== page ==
For over 20 years, mental health patients from across Georgia have come to the River Edge Recovery Center on Fulton Mill Road for inpatient treatment.
But after decades of wear and tear on a building constructed in 1970, River Edge plans to build a new facility to better serve its patients.
“This will provide a state-of-the-art facility for people to go for their mental health needs or addiction recovery needs,” said Macey Kilgore, director of advancement for the River Edge Foundation. “Not only for Macon-Bibb and not only for Central Georgia, but this is a critical resource needed for Georgia.”
The River Edge Recovery Center is an acute inpatient treatment center, which offers crisis stabilization treatments for children and adults who are in danger of hurting themselves or others. It also offers clinical detoxification treatment for patients battling substance abuse.
“This is a place where people go to begin their first steps of recovery, whether that be from a mental health issue or an addiction need,” Kilgore said.
In addition to more up-to-date sleeping and activity quarters, the new facility will include more comfortable spaces for children and adolescent patients, such as a therapeutic outdoor playground, classrooms and a soothing center for patients with autism and other sensitivity conditions.
The River Edge Foundation, a nonprofit organization that philanthropically supports River Edge, started reaching out to donors to fund the $8.991 million construction project at the end of 2016. This year, the foundation publicly launched its fundraising campaign, the River Edge Recovery Center Campaign, and it has raised 76 percent of its goal so far.
Over the past two years, the River Edge Foundation has received $4.3 million in funding in Macon-Bibb County special local option sales tax funds for the project, and the rest has come from foundations and private donors, Kilgore said. In June, the foundation received a $500,000 grant from the Peyton Anderson Foundation, which funds organizations and initiatives that give back to Macon and Middle Georgia.
“We’ve been aware of River Edge for a long time,” said Karen Lambert, president and CEO of the foundation. “We are obviously very interested in this community. The whole mission is to improve the community, and River Edge is a significant piece of that.”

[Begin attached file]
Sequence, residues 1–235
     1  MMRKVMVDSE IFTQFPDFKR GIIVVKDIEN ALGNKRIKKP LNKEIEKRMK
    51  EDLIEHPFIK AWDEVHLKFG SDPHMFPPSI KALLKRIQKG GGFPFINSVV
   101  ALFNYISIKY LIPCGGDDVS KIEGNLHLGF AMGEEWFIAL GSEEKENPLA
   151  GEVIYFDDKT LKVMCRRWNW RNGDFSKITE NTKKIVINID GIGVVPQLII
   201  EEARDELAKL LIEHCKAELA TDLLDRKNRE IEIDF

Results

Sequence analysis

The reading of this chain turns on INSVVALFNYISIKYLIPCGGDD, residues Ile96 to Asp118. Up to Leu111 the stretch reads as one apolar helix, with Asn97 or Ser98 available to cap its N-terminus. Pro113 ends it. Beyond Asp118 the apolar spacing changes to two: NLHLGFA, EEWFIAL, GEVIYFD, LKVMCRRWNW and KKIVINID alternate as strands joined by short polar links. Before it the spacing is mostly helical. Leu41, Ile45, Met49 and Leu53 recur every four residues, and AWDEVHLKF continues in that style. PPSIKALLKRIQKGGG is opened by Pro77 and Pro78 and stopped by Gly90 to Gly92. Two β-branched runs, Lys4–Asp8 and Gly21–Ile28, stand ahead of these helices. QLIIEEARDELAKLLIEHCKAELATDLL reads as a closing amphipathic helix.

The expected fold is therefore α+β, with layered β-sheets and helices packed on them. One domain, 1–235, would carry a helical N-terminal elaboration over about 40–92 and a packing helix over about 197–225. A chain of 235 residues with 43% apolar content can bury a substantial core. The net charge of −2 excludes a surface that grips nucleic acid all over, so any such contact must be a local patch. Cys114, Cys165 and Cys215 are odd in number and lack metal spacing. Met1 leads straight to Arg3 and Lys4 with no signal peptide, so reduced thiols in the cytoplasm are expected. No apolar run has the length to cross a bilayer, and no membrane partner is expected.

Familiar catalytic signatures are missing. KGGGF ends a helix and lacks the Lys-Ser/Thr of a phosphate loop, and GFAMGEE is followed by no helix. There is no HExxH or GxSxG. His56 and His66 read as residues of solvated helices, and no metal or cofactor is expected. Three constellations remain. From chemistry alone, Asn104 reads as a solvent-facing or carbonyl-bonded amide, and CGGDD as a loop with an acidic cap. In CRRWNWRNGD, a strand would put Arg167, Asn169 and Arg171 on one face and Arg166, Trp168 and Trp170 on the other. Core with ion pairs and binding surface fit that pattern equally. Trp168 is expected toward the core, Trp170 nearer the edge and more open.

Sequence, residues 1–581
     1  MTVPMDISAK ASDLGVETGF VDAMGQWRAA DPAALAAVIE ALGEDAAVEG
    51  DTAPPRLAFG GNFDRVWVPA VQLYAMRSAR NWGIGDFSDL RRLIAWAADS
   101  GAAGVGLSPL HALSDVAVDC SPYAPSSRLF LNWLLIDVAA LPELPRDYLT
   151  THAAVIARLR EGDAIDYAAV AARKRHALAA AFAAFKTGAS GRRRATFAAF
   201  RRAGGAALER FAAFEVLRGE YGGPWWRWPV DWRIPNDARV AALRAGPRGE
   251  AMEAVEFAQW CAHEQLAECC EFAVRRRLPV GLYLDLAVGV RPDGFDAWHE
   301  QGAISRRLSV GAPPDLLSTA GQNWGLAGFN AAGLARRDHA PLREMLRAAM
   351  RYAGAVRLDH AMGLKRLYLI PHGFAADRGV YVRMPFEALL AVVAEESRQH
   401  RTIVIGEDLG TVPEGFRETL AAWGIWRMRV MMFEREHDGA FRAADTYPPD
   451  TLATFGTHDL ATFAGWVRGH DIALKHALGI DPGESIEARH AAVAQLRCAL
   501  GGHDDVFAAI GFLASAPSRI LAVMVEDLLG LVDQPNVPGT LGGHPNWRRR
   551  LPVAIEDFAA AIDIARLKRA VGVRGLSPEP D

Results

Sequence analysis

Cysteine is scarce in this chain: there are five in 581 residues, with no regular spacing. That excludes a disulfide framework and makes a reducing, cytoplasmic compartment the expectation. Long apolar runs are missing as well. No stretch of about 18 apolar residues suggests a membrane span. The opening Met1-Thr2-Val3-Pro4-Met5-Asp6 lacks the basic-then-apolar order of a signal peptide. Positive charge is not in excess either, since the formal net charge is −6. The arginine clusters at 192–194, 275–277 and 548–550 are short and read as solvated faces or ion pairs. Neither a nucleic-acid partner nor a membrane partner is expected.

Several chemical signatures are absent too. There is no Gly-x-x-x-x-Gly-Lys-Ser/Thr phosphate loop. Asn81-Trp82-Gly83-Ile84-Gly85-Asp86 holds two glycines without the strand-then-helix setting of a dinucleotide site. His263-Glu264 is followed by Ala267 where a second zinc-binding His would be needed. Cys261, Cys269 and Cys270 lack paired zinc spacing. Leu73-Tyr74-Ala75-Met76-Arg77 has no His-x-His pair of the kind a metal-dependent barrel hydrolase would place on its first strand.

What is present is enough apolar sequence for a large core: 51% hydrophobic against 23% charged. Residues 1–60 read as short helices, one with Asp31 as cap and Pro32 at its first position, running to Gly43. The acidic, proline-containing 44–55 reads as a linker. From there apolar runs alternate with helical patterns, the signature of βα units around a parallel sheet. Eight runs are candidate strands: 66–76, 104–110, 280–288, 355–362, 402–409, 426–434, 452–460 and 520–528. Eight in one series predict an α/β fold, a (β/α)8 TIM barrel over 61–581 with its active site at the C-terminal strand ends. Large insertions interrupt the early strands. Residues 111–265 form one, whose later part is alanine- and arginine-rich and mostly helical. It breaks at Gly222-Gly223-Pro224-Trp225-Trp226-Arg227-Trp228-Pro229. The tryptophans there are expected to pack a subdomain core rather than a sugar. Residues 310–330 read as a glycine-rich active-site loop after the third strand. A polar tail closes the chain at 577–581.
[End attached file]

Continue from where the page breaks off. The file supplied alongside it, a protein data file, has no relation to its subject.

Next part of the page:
Securing the grant from the Peyton Anderson Foundation involved more than just paperwork, Kilgore said. She and her team also built a relationship with Lambert.
During the application process, Lambert visited the current facility, so that she could see the conditions firsthand.
“Clearly, they were in severe need of a better facility — a larger facility, one that’s laid out with, you know, the needs of this sort of program in mind,” Lambert said. “Never mind the fact that there are so few in Georgia that treat children, and this one does. ...
“A new one will serve River Edge. It will serve our community — our bigger community — and we’re happy as they’ve gone about their fundraising in a very smart way.”
Once the foundation reaches its fundraising goal, construction is expected to take about 24 months, Kilgore said. She expects the new facility to open some time in 2021.
In fiscal 2016, the River Edge Recovery Center served 1,778 youth and adults from 104 of Georgia’s 159 counties. Treatment at the center typically lasts for just seven to 14 days, but Kilgore said patients’ time there marks the beginning of a long-term treatment plan.
“At River Edge, we say, if it’s not you, it’s someone you love,” Kilgore said. “Everyone knows someone or has someone that is affected by mental health or addiction.”
Samantha Max is a Report for America corps member and reports for The Telegraph with support from the News/CoLab at Arizona State University. Follow her on Facebook at facebook.com/samantha.max.9 and on Twitter @samanthaellimax. Learn more about Report for America at www.reportforamerica.org.